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The Orchard

Based on The Cherry Orchard by Anton Chekhov; Directed by Igor Golyak
Produced by Arlekin Players Theatre and (zero-G) Lab

Off Broadway, Adaptation of a Classic
Runs through 7.3.22
Baryshnikov Arts Center, 450 West 37th Street


by Asya Gorovits on 6.23.22


The OrchardJuliet Brett and John McGinty in The Orchard. Photo by Pavel Antonov.


BOTTOM LINE: This adaptation of Chekhov’s play, featuring memorable human and robotic performances, makes poignant political commentary.

In The Orchard, produced by the Boston-based Arlekin Players at the Baryshnikov Art Center, one will still unmistakably recognize that original masterpiece of the early 20th century, The Cherry Orchard. Director Igor Golyak may have edited out a few minor characters and added and rearranged some text, but he has handled the source material with much respect and deep intuitive understanding. Aside from futuristic production design, robots, and a whole other virtual experience happening simultaneously, The Orchard makes Chekhov’s play strikingly relevant in light of the current war in Ukraine.

The Cherry Orchard, a play about the fallen Russian aristocracy, follows a single family returning back to their estate after five years of living abroad. The house and the title to their cherry orchard are being auctioned off to cover their debt. Delusional matriarch Lyubov Ranevskaya (Jessica Hecht), who is supported by her immature brother Leonid Gayev (Mark Nelson), refuses to turn the unprofitable property into a business enterprise as suggested by Yermolai Lopakhin (Nael Nacer). And it is Lopakhin, who himself comes from a long lineage of serfs working the estate, who ends up buying the orchard.

Across the various productions of The Cherry Orchard, Lopakhin is alternately portrayed as a hero (a representative of the new class of working entrepreneurs) or a villain (a greedy nouveau riche with no respect for tradition). But in Golyak’s version, Lopakhin is neither. He does not represent an opposition to the “old” world, but is deeply intertwined with it and would love to preserve these emotional ties through his love for Ranyevskaya.

The snowglobe-like world of the estate (production design by Anna Fedorova) is about to shatter. Yet the threat to Ranyevskaya’s family comes not from Lopakhin but from the “outside,” embodied in the (traditionally minuscule) role of the tramp, here called “passerby” (Ilya Volok). Dressed in military uniform, he appears for a short scene and everybody cowers from his blatant demands in Russian. "Intelligentsia!" he calls them dismissively, picking up a volume of Chekhov buried under the layer of blue petals that cover the stage. I instantly sensed that it is this nationalistic, militaristic force that is to be feared.

This makes The Orchard a painfully relevant reading of Chekhov. Yet this is not surprising, coming from a director of Ukrainian descent, in a production starring Soviet dissident Mikhail Baryshnikov as the servant Firs. Watching the performance of this legendary ballet dancer (known to some as the Russian lover of Carrie Bradshaw in Sex and the City) is a delightful experience in and of itself. One can tell that Baryshnikov, despite coloring his hair white, has way too much youthful energy to portray an ancient servant on the verge of death. Casting such a performer as the servant, and then extending his stage time, forces us to ponder the nature of servitude.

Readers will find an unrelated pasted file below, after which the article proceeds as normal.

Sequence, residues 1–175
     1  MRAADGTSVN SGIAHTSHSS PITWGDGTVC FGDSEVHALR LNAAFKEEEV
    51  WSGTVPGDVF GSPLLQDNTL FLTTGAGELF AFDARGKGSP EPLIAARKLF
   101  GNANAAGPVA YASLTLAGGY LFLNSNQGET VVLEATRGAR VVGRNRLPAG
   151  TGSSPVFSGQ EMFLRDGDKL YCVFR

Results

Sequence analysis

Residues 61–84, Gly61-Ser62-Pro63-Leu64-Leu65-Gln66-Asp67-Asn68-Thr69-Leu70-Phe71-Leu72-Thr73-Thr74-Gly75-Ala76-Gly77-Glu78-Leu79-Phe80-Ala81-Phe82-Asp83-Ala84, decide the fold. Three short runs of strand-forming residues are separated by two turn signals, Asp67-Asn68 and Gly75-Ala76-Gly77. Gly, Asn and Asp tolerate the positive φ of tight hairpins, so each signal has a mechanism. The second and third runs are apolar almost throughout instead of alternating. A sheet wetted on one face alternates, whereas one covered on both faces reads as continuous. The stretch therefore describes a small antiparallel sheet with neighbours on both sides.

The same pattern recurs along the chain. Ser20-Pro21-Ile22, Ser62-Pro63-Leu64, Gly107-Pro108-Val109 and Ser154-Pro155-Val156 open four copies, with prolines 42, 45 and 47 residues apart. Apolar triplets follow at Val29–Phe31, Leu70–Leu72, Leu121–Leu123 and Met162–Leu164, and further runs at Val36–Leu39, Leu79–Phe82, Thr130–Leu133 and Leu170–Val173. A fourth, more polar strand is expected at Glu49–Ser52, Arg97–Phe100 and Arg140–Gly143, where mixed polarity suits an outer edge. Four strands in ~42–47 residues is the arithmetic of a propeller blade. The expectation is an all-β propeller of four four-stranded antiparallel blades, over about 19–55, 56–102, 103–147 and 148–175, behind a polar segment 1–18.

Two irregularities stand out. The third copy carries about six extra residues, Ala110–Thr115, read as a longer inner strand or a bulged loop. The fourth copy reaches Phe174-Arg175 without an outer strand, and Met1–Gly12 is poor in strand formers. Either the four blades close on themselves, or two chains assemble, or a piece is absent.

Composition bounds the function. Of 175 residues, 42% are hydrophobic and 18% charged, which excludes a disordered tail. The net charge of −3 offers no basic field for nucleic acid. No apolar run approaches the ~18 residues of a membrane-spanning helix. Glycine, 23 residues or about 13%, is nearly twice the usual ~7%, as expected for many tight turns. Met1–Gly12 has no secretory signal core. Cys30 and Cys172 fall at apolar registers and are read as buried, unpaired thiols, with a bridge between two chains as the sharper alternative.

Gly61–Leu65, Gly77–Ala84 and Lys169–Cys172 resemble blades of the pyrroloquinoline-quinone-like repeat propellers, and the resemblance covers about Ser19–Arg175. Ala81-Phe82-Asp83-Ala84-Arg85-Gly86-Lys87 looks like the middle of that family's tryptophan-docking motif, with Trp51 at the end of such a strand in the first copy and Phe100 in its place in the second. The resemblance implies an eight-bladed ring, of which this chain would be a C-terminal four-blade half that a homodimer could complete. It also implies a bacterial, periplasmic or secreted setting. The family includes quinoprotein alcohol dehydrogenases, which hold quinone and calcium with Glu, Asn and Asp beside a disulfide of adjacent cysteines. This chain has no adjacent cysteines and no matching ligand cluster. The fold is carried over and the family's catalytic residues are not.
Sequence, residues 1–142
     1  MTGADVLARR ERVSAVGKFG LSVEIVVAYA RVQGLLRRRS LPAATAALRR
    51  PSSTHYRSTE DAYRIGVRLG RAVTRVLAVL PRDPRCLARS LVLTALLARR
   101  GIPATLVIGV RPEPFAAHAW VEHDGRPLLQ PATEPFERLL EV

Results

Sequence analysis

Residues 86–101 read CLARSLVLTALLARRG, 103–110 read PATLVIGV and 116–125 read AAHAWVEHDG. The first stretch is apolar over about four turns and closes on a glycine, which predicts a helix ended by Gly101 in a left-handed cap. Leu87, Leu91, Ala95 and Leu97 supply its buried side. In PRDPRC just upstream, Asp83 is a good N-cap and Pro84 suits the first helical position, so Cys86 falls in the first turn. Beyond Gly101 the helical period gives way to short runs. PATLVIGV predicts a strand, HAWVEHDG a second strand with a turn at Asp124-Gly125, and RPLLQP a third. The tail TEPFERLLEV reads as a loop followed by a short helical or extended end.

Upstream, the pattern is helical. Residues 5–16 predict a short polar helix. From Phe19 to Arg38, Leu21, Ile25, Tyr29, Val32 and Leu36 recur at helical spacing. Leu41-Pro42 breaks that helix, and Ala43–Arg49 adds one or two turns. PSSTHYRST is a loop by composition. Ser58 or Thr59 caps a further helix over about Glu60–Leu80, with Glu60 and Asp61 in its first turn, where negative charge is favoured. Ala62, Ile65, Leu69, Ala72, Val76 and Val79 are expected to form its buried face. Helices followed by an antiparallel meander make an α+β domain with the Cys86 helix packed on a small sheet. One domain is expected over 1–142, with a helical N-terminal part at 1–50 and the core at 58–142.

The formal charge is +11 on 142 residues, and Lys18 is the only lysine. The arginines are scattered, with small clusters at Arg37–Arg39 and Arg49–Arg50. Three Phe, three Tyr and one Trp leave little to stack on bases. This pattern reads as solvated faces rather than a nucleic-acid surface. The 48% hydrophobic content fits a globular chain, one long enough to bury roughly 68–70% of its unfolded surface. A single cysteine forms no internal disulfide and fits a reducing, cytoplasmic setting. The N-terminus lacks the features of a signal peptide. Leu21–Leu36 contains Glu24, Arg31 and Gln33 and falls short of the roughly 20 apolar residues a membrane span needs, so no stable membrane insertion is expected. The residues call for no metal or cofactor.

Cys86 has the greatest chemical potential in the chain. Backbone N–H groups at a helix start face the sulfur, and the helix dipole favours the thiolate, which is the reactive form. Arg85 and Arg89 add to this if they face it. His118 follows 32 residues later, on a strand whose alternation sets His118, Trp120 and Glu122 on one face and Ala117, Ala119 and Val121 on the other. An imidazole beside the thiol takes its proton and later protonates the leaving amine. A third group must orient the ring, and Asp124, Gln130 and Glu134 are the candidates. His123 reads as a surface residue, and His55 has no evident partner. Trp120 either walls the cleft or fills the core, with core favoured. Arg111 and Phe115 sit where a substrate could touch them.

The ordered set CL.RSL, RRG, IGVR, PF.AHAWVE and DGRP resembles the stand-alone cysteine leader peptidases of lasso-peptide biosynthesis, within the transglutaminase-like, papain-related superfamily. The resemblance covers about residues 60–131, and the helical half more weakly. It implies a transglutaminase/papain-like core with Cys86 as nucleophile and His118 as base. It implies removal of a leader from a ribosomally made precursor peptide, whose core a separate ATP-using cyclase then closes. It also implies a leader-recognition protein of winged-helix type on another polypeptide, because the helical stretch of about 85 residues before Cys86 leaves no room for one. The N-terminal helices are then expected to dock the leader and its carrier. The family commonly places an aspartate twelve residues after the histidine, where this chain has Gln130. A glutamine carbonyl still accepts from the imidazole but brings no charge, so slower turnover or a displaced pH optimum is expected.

The other “servant” present on stage is a giant robotic “arm” called KUKA (robotics design is by Ton Sepe). Its functions, however, are not limited to serving coffee and sweeping. It also has a camera that follows the characters, the images of which are then projected onto the screen that spans the entire fourth wall, separating us from the actors. Unlike the other robotic creature (Charlotta’s dog), KUKA does not simply obey commands and perform tricks. On several occasions it grabs objects, thus preventing the characters (mainly Lopakhin) from possessing them. Is KUKA a spirit of the orchard, a symbolic trunk of the family tree, or an entirely separate character who has yet to claim their rights? The intrigue remains.

It's also worth mentioning that the preoccupation with technology goes beyond the walls of the theater, with a whole other interactive version of The Orchard that happens entirely online. The two Orchards briefly intersect when the at-home audience appear as the “current bidders” at the auction for the orchard, complete with those now ubiquitous Zoom windows.

(The Orchard plays at Baryshnikov Arts Center, 450 West 37th Street, through July 3, 2022. The running time is 2 hours with no intermission. Performances are Tuesdays through Thursdays at 7, Fridays at 8, Saturdays at 2 and 8, and Sundays at 2 and 7. Tickets are $39, $59, and $79. The show can also be experienced as a live stream for $29. Tickets to both live and streaming versions are available at

The Orchard is based on The Cherry Orchard by Anton Chekhov. Conceived, Adapted, and Directed by Igor Golyak. Produced by Arlekin's (zero-G) Virtual Theater Lab. Set Design by Anna Fedorova. Lighting Design by Yuki Nakase Link. Costume Design by Oana Botez. Sound Design by Tei Blow. Music Composition by Jakov Jakoulov. Projection Design by Alex Basco Koch. Emerging Technologies by Adam Paikowsky. Robotics Design by Ton Sepe. Director of ASL is Seth Gore.  

The cast is Jessica Hecht, Juliet Brett, Darya Denisova, Elise Kibler, Nael Nacer, Mikhail Baryshnikov, John McGinty, Ilya Volok, and Mark Nelson.